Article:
You’ll want to avoid any silicone-based products, chemical additives, or anything that contains petroleums or resins. They will likely damage the fine, breathable suede leather surface.

Note: There’s nothing wrong with applying rub-on materials like oils, polish, or wax waterproofing products, but we recommend sprays for their superior and even coverage on the suede you’re working on. We also found that sprays are also much easier to use.

Wax Shoe Polish (For Footwear) – Optional

As mentioned above, polish and other manually-applied substances are an option for waterproofing shoes. Sprays may deliver a more even distribution of waterproofing material, though.

Sole Protectant (Also For Footwear) – Optional

Many fine shoe owners also apply an additional layer of polish to the sole.

Step-By-Step Guide on Waterproofing Suede

Once you’ve gathered all your materials and found a suitable space to work, it’s time to begin waterproofing your suede. Here is our step-by-step primer. We think it’s the optimal approach!

Clean the Surface

Before applying any sprays or polishes to your suede, it’s a good idea to remove all dirt and grit that may still be clinging to the suede surface.

Using a specialty, non-abrasive brush or a dry cloth, sweep across the suede surface. Dislodge any dirt particles. The more detailed you are with removing visible debris, the better coverage from the waterproofing spray you’ll get.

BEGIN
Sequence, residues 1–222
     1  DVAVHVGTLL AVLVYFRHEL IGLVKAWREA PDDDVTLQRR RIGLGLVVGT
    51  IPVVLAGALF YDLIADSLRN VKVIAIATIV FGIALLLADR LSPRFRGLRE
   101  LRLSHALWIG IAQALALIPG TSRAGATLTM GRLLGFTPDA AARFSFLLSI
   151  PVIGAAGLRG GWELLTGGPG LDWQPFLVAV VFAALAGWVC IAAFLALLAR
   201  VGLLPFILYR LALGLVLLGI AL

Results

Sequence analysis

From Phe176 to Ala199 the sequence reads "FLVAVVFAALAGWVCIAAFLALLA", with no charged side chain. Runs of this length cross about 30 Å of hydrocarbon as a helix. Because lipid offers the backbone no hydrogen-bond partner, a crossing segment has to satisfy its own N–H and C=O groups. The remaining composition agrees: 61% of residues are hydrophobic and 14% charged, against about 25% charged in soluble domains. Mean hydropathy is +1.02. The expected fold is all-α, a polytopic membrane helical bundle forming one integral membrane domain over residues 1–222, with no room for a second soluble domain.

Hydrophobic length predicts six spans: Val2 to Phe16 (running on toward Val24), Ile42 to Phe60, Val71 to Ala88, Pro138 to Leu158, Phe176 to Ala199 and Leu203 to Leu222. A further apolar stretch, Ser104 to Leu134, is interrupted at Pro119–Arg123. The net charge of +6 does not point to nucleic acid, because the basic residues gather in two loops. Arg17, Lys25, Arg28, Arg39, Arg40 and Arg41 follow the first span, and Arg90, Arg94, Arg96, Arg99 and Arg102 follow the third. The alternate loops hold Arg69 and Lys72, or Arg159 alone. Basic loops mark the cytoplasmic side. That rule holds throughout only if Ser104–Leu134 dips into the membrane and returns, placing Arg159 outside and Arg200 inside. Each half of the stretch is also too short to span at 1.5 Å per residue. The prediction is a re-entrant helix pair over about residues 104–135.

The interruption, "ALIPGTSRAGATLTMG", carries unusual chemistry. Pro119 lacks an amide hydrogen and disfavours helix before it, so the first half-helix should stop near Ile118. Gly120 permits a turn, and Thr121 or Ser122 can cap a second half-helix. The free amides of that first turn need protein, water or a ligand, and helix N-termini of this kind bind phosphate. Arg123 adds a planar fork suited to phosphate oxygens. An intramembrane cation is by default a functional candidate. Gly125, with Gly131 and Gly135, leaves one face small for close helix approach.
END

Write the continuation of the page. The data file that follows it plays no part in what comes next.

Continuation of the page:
Check out this instructional video for a hands-on explanation of cleaning suede garments.

Wash in Case of Additional Debris

If a stiff brush or cloth effectively removed the surface grime to your satisfaction, there’s no need to wash your suede material. However, if there’s additional evidence of dirt on the suede which resists a brush or cloth, you can wash the especially dirty areas.

We recommend you use a professional leather cleaning product for this step, since suede is susceptible to staining if you overuse water and simple dish soap. However, there’s nothing wrong with using soap. Be sure to dilute it in slightly warm water.

A good rule of thumb: apply as little cleaning liquid or soap as possible to the needy areas. Let your suede goods dry completely before going on.

Prepare the Waterproofing Spray

Now you’re about ready to waterproof your suede. Before spraying, be sure you maintain a distance of four to six inches between the suede surface and the spray nozzle.

Apply Your Product

There are a few things to keep in mind when you spray the suede. These are our tips on spraying technique:

  • It’s preferable to apply less spray than you need per coat. Overapplication can risk spots or blotches on the suede surface.
  • Try to reduce the length of time for applying a coat to less than 10 seconds.
  • We find that the best hand motion to use when spraying is a moderately-paced waving gesture. Rapid crosswise sprays can potentially cause spotting. Spraying too quickly might not cover the surface 100%.
  • Don’t forget to spray into the welt of your shoe if that’s what you’re spraying. Water is likely to seep through that area near the sole.